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Volunteer Motivations & the implications for church leadership

The church lives and dies not on the paid staff, but on the service of God’s people. Much research has been done in recent years looking at the motivations for why people volunteer. Church leaders would greatly benefit from considering these reasons and as they seek to encourage and motivate God’s people in their Christian service.

In 2004, Martinez and McMullin wrote an article entitled, “Factors Affecting Decisions to Volunteer in Non-governmental Organizations” that was published by Environment and Behavior. In their study, they uncovered 5 major reasons why people volunteer or don’t volunteer.

  • Efficacy“I want to make a difference” – People volunteer because they long to make an impact on the world and on the people around them. As leaders in the church, we are uniquely positioned to play to people’s desire to make a difference. What great impact or more lasting legacy could someone leave than to grow the kingdom of God on earth? Show the volunteers in your ministry the impact their service is making.
  • Competing Commitments“I’m so busy” – People get pulled in a million directions. When they consider your invitation to service, they are going to ask themselves how it fits in with everything else they have going on. You may have to tailor your volunteer positions to match the reality of what someone can offer you.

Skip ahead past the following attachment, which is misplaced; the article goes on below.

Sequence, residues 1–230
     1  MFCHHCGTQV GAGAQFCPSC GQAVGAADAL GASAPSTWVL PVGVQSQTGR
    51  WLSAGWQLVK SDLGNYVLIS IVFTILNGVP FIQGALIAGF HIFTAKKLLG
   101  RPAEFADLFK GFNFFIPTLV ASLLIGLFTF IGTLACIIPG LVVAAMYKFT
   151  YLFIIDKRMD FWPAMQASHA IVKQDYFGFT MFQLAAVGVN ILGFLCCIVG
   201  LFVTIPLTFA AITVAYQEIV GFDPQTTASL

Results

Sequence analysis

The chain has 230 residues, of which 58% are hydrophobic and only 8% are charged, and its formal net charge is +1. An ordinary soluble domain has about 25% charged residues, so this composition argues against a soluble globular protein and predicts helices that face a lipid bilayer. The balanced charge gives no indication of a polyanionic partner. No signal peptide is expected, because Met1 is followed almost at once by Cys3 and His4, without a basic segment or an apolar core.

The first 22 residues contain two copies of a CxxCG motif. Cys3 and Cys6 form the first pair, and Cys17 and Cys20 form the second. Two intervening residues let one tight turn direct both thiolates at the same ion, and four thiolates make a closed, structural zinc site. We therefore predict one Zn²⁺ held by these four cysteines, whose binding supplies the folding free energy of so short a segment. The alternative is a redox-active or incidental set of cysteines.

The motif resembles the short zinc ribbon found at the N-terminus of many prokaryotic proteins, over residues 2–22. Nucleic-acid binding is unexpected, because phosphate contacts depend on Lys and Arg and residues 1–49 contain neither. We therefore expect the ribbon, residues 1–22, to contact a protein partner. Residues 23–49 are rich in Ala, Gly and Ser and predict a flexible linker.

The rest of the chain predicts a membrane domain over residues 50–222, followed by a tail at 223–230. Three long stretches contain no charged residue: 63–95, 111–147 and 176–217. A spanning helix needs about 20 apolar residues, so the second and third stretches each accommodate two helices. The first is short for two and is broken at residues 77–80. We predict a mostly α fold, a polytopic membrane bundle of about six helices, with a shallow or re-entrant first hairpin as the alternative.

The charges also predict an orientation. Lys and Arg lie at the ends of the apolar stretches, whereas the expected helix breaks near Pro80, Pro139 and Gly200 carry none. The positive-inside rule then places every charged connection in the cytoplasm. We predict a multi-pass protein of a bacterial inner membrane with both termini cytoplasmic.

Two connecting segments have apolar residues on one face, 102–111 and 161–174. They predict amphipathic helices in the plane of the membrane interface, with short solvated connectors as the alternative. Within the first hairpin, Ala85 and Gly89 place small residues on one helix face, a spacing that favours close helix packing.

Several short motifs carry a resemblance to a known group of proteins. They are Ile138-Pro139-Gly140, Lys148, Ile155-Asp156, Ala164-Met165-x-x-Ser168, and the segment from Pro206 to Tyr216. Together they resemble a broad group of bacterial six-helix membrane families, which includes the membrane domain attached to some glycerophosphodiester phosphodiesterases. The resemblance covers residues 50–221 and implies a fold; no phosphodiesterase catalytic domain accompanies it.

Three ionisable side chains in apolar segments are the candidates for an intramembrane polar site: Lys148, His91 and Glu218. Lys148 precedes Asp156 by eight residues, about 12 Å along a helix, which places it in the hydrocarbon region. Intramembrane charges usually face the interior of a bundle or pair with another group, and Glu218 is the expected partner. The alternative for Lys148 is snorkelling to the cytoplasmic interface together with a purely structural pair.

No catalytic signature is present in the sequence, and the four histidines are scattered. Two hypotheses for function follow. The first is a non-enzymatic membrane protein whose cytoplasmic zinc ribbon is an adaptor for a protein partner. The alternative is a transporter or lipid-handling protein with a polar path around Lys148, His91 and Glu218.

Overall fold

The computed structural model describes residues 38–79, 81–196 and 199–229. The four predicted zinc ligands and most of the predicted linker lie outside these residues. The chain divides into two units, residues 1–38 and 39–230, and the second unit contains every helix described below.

• Social Networks“Is so-so going/involved?” – People get involved for the relationships. Either someone they know (family or friend) is already involved or they are looking to meet people. As the body of Christ, the community of believers, relationships are especially important. Be sure to foster relationships among your volunteers.
  • Lifestyle Changes“We’re having a baby!” – Changes in people’s lives will bring volunteers into your ministry and carry them away. Research shows that people are most open to hearing the gospel at points of transition in life – marriage, divorce, having a child, starting a new job or losing a job. Each of those transition points and lifestyle changes also are opportunities to engage new people in service and threats that could pull your existing volunteers away.
  • Personal Growth“What’s in it for me?” – For us as Christians, this is the dreaded question. We think it is selfish when people worry about what’s in it for them. But that’s not the point here. We’ve already seen that people are busy and have limited time to serve. Part of the criteria they will use to evaluate volunteering opportunities is how they will grow personally. People are looking for environments that will encourage them to grow and mature as individuals. As pastors, this is our task of discipleship. People should be growing in grace and maturing in Christ through their service. It is our task to make sure this is happening.

As Christian leaders, we are prone to thinking people volunteer because they are supposed to or because they have to. Sure, the biblical mandate upon all of us is to follow the example of Christ, who “did not come to be served, but to serve, and to give his life as a ransom for many” (Mark 10:45). We are commanded to serve. But even with that as the motive, people pick their where they will service based on the some primary factors. May we, as Christian leaders, be students of our people that we will recognize what factor drives them and how we can encourage them in their kingdom service.

Interact: Which of these factors is the biggest concern for you when considering a volunteer opportunity?


3 Responses